Commentary  Opinion: Long Live Belarus

“A peaceful revolution is taking place […] It is neither a pro-Russian nor anti-Russian revolution. It is neither an anti-European Union nor a pro-European Union revolution,” said Svetlana Tikhanovskaya in her address to the European Parliament earlier this August.


The world is witnessing unprecedented protests in Belarus since the disputed election in early August. People young and old are out in the streets protesting nearly three decades of political repression and police brutality, and the overwhelming consensus from the top of the opposition leadership down to average college students is this: Belarusians are going to fight till the end, autonomously, freely, and peacefully.

However, with the political dynamic in Belarus now all but stalled, the outlook of the movement is complicated. The opposition against contested “President” Alexander Lukashenko has seemingly won the hearts and minds of many Belarusians, but the reality is that Lukashenko has continued to exert decisive control over the state apparatus with plenty of tanks and riot gear and thousands of trained security officials. He is not giving up his power easily. As many geopolitics experts have anticipated, at this point, an extended standstill between Lukashenko and the opposition is all but certain.

No one knows for certain what is going to happen to Belarus three months from now or three years from now. Will it be like Ukraine and enter into a prolonged geopolitical dispute? Will Russia intervene? Is it going on a path of irrevocable Europeanization? Will Lukashenko forfeit his power or will he carry on?

“A peaceful revolution is taking place […] It is neither a pro-Russian nor anti-Russian revolution. It is neither an anti-European Union nor a pro-European Union revolution,” said Svetlana Tikhanovskaya in her address to the European Parliament earlier this August.

For a better picture, I decided to hear from people who are living in Belarus directly.

One student who requested to appear under the name Lyubov makes it very clear that she is against Europeanization or Westernization, at least not through a brutal revolution. She then asks me, “Would you want to see a civil war happening in your country?”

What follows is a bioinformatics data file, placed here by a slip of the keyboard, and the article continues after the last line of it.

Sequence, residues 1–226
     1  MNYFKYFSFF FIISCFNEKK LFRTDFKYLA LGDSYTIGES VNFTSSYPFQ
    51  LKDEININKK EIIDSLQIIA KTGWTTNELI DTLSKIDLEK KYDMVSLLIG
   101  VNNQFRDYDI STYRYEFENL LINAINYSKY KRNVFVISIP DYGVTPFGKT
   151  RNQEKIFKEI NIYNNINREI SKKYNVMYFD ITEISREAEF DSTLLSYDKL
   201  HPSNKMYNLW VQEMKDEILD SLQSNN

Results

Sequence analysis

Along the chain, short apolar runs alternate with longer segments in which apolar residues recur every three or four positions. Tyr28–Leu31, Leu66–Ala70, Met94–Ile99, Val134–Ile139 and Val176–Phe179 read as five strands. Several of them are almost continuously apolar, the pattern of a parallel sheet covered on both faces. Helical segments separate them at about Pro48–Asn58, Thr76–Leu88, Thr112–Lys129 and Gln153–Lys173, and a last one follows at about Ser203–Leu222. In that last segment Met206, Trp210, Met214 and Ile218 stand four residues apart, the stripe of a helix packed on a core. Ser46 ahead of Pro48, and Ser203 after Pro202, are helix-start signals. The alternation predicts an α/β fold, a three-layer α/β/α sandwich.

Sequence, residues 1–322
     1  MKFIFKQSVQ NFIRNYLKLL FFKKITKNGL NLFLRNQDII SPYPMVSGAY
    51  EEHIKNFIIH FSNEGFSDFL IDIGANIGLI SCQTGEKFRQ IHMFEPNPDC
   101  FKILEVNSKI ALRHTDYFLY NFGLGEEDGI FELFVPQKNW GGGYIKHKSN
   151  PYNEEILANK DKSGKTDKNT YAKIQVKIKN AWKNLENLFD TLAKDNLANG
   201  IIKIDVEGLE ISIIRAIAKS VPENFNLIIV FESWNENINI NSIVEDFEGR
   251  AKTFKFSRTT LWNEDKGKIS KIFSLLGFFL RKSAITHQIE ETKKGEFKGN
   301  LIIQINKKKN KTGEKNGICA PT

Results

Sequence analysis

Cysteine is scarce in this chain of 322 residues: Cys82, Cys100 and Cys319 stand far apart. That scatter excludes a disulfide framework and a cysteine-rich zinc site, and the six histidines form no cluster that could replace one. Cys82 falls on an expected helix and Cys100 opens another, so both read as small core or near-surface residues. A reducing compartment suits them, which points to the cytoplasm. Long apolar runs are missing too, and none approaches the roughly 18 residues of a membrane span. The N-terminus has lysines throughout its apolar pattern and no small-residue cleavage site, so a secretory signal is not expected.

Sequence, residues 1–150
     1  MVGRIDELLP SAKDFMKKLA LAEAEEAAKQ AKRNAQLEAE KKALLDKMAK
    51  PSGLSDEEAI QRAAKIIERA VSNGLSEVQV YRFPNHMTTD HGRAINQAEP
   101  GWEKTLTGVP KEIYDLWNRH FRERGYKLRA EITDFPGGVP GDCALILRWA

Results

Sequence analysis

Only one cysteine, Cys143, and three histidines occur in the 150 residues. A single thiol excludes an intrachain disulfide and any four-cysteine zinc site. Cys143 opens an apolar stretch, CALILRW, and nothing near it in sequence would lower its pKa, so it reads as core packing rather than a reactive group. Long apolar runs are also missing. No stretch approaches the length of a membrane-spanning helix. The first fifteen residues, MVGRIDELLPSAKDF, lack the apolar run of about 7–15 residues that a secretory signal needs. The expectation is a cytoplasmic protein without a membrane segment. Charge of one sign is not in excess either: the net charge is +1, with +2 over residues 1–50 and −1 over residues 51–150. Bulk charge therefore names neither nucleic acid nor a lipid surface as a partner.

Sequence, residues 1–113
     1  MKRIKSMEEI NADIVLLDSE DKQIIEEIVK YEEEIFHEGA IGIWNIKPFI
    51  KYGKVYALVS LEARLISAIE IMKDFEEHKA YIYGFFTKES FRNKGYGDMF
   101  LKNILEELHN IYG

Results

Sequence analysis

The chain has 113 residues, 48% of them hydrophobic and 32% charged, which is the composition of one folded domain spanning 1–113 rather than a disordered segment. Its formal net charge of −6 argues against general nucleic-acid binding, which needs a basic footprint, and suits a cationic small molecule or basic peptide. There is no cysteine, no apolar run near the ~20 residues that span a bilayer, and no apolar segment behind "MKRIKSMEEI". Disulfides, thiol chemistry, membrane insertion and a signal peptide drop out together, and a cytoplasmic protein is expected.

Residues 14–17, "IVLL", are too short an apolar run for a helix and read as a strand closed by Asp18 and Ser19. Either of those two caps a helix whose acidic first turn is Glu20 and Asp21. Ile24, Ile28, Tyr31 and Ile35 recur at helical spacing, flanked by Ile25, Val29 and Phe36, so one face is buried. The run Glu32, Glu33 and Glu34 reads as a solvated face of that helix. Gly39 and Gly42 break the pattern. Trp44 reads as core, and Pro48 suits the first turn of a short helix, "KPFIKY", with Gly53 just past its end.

Later, she goes to clarify that, “Personally, yes, shifting to Europe is much better than staying in a post-soviet country… For the younger generation it will be easy, but for boomers.. It will be kind of an insult.”

Another student who chooses to go by the name Kostya says that Lukashenko, with his autocracy, is leading the country in the wrong direction. “As far as I know, more than 80% of people I know want to change the government.”

When I asked about the public’s opinions on Tikhanovskaya, the opposition’s presidential candidate, he says “it depends on the person.”

Kostya is also against violent revolution. He believes that what young people like him really need, for the time being, are jobs and economic opportunities, not regime change through bloodshed.

“I want to see Tsepkalo (a Belarusian entrepreneur and diplomat) lead the country in creating a silicon valley right here in Belarus, bringing jobs and reviving the economy,” says Kostya in his text message.

For the anti-Lukashenko movement in Belarus, peaceful, non-violent actions as a strategy is not only necessary – most importantly, it can be effective. 

A similar sentiment is expressed by Tikhanovskaya in her address to the European Parliament earlier this August. “A peaceful revolution is taking place […] It is neither a pro-Russian nor anti-Russian revolution. It is neither an anti-European Union nor a pro-European Union revolution.”

Being sandwiched in between Russia and the European Union, Belarus is in a particularly precarious position.  On one hand, people want Lukashenko out; On the other, a violent regime change will likely open the door to uninvited foreign interventions.

For the anti-Lukashenko movement in Belarus, peaceful, non-violent actions as a strategy is not only necessary most importantly, it can be effective.

Even though the sixth-term president is supported by Belarusian security forces as of now, some experts have predicted that in an optimistic scenario, the population continues to exert pressure on Lukashenko; then, some members of the law enforcement will defect, prompting his inner circle of security officials to crumble, leading to his eventual downfall.

Ideological turf wars do not lead to a free and prosperous future, but peaceful actions of today can. “The end is inherent in the means. Everything we do is infused with the consciousness with which we do it. Violence will only create more violence. Only peace will create more peace,” says Marianne Williamson, the first Belarusian-American U.S. presidential candidate, in a freestanding tweet.

 

Disclaimer: The views and opinions expressed in the article belong to the author and may not necessarily reflect those of The McGill Daily editorial board.

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